New inhaler design could help Kiwis suffering respiratory disease

By Solbin Kang

Ellipta was designed to help patients get the correct dose and reduce handling errors that standard puffers could cause. Photo / Supplied
Ellipta was designed to help patients get the correct dose and reduce handling errors that standard puffers could cause. Photo / Supplied

A new inhaler design could help thousands of Kiwis suffering from a respiratory disease.

The design of the Ellipta inhaler, funded by Pharmac, allows asthma or chronic obstructive pulmonary disease (COPD) patients to take one correct dosage every day, rather than take several every day.

GlaxoSmithKline New Zealand medical director doctor Ian Griffiths said Ellipta was designed to help patients get the correct dose and reduce handling errors that standard puffers could cause.

"With the standard puffer, you need to shake it, coordinate your breath in, and take the correct number of puffs, day and night.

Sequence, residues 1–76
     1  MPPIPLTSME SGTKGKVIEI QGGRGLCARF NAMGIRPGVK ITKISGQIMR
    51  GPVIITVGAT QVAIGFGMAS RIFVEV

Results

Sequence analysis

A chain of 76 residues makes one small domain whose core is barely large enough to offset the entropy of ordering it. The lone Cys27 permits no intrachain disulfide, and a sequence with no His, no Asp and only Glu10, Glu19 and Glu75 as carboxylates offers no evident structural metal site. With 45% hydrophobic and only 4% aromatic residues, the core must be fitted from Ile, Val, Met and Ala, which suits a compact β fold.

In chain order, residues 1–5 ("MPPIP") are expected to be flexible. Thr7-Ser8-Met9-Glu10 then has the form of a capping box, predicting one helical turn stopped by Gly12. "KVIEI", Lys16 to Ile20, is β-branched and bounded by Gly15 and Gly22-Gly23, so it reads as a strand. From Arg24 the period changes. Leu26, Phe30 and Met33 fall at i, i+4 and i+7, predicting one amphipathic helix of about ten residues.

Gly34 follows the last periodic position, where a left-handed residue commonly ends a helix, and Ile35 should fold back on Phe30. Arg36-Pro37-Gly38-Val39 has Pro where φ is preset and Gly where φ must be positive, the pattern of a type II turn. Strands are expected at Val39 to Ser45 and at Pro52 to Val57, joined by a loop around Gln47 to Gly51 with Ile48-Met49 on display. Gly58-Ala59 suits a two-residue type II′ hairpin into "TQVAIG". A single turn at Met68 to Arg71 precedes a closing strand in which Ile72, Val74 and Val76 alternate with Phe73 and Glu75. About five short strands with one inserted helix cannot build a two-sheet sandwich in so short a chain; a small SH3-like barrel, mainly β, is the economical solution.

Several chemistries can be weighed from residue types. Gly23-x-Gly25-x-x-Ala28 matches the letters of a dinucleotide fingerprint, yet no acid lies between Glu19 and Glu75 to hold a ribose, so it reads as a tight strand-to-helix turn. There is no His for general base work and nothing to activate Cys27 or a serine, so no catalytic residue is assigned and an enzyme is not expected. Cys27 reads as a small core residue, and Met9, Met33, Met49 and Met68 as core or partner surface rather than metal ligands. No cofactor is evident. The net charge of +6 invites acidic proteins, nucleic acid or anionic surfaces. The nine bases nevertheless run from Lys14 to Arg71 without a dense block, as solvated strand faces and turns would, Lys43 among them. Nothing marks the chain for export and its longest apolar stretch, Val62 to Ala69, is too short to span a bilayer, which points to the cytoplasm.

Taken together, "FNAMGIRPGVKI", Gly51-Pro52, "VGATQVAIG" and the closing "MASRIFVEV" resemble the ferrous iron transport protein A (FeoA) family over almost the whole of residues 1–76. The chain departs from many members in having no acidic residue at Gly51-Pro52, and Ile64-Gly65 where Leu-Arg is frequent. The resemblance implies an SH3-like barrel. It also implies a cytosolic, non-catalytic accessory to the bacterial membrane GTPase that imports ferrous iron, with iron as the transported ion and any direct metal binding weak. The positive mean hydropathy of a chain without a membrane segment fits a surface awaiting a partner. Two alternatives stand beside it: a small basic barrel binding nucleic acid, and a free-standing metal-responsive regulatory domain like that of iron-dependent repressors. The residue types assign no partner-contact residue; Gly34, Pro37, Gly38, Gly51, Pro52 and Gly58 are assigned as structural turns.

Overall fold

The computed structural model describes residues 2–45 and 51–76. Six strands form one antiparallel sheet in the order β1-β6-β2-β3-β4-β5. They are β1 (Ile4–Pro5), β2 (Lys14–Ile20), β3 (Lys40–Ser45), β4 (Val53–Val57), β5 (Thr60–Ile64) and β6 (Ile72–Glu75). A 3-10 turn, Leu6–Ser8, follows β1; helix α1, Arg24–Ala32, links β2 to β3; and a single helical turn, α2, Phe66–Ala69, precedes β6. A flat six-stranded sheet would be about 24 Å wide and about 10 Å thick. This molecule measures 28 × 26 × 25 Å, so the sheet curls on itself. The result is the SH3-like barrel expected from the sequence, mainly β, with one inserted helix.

"All of these steps can lead to potential errors and incorrect dosage," he said. In the Ellipta inhaler, the medicines were taken in one inhalation once a day.

The medicines were kept in separate in foil strips and then mixed at the time of the inhalation.

Head of Respiratory Research at the Sydney-based George Institute for Global Health, Professor Norbert Berend, said a majority of patients had difficulties using standard inhalers correctly.

They might not get an adequate dosage of medication and could experience worse symptoms and more asthma attacks, he said.

"Those most likely to benefit from the new inhaler technology are asthma or COPD patients who have difficulty managing their inhalers or who have trouble remembering to take their medications regularly, for whom the use of these new medications is indicated," he said. He said clinical evidence showed 98 per cent of patients were able to use the pre-filled Ellipta device correctly from the first day.

Chronic obstructive pulmonary disease (COPD) and asthma in New Zealand

• COPD is often undiagnosed and at least 200,000 New Zealanders could be affected.

• New Zealand also has one of the highest rates of asthma in the world, with nearly 8000 people hospitalised each year.

• About 65 people die every year as a result of the disease.

• Hospitalisation rates are highest for Maori, at more than three times that of non-Maori.

- NZ Herald

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